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Generating "good" blunt ends

Mick Jones mjones at rpms.ac.uk
Wed Nov 22 06:06:34 EST 1995


I have always found that the repair of sonicated DNA to be very inefficient.  
Looking through the literature, possible solutions are the following.  They could 
all be used to generate random shotgun fragments for sequencing.  I haven't tried 
any of these methods, but I would trust them, even with my favorite teddy bear.

1.  Richard Gibbs (see Anal. Biochem., 210, pp 16-26 [1993] and 218, pp 300-308 
[1994]) treats first with mung bean nuclease to trim off single strand regions, 
then polishes with T4 DNA polymerase and Klenow.  It may be that the polymerases 
deal inefficiently with particular ss regions, and the mung bean (or Bal31) chops 
them off.

2.  In a protocol of Bruce Roe's, he kinases the blunt ended fragments with T4PNK 
after extraction of the desired size range from an agarose gel.  I've heard 
rumours, but not seen any data, that somehow the 5'-phosphate can be lost during 
the sonication/gel isolation.  Obviously such fragments will not ligate to a CIP 
treated vector.

3.  Richard Gibbs (see Anal. Biochem. 218, pp300-308 [1994]) uses an adaptor to 
ligate onto the ends of the blunt-DNA fragments.  The adaptor has an 11 base 
3'-overhang which cannot base pair to itself.  The M13 cloning vector has a 
complementary adaptor ligated to itself.  Actually, they generate the vector by PCR 
with uracil containing oligos, then UDG treat to generate the 3'-overhang.  
However, I think it is much simpler to ligate an adaptor to SmaI cut vector.  This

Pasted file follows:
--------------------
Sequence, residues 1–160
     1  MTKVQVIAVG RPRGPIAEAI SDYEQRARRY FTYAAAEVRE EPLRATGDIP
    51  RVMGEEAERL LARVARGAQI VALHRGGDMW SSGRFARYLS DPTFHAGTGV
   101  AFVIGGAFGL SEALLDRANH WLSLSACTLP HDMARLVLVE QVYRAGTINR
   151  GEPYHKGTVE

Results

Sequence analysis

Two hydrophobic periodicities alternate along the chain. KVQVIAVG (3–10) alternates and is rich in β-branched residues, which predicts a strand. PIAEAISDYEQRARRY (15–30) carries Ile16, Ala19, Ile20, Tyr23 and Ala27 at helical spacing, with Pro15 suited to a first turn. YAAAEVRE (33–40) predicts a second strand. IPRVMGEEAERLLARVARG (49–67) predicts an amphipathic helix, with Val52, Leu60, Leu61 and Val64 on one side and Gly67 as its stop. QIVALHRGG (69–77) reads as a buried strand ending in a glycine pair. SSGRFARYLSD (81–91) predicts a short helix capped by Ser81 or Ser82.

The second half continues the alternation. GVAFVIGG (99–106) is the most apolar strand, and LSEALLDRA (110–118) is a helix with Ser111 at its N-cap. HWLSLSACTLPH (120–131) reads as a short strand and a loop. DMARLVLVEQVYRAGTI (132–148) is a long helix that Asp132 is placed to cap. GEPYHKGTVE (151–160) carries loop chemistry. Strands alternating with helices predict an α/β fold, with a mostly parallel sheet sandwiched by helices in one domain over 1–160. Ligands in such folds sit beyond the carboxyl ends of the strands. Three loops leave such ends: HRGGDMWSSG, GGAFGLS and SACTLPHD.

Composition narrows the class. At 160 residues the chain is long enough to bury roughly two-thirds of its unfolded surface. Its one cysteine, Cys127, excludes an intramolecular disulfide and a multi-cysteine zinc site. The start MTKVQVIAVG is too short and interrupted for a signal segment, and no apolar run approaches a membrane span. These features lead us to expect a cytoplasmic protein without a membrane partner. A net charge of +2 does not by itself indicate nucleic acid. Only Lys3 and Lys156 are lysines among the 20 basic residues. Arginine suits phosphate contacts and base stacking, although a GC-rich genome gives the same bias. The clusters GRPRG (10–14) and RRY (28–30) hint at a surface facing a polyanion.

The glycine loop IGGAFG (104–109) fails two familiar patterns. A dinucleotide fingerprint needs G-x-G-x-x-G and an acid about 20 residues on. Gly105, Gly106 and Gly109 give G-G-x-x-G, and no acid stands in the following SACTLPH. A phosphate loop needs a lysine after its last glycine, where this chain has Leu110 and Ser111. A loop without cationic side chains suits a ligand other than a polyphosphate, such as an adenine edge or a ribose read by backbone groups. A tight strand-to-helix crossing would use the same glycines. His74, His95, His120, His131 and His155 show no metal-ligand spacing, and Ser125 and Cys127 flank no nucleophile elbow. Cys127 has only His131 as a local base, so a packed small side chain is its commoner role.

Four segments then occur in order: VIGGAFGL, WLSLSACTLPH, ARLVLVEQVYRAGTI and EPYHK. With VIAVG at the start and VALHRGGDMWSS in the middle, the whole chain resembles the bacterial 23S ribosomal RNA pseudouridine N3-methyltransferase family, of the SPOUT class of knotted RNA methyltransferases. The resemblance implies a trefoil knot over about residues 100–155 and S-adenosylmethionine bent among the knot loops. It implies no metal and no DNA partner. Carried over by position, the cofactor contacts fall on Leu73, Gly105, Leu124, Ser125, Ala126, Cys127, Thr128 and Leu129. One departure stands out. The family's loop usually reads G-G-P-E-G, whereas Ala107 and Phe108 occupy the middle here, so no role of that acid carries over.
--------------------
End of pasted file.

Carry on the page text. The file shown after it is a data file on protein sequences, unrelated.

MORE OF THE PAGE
prevents vector self-ligation, and also insert self-ligation.  In theory, you get 
one insert molecule in each recombinant.  By utilizing a long 11-12 base overhang 
you do not need to actual use T4 DNA ligase, the complementary ends will hold the 
recombinant together during the transfection procedure.  All you have to do is 
anneal insert and vector and add to competent cells.  This will overcome any 
inhibition of the ligase due to 'stuff' co-purifying from the agarose gel during 
the size selection of the DNA fragments.

By using all three you may increase the increase the number of recombinants.

I notice your control is AluI cut lambda DNA.  I also use it as well.  However, 
have you tried to put the AluI fragments through a mock cloning (i.e. polish, gl 
purify, etc.).  I'm sure you will get a reduction in cloning efficiency, and it 
might point to the step which is the problem.

I hope this makes sense.

Mick Jones                      Tel: 081-740-3328 (+44-81-740-3328)
Department of Virology          FAX: 081-743-8331 (+44-81-743-8331)
RPMS,  Du Cane Road              Email: mjones at rpms.ac.uk 
London,  W12 0NN,  UK          URL: http://www.rpms.ac.uk/virology/virolhome.html
"Smoke me a kipper, I'll be back for breakfast."   Ace Rimmer (Red Dwarf)
"Crackin' toast, Gromit."    Wallace (The Wrong Trousers)

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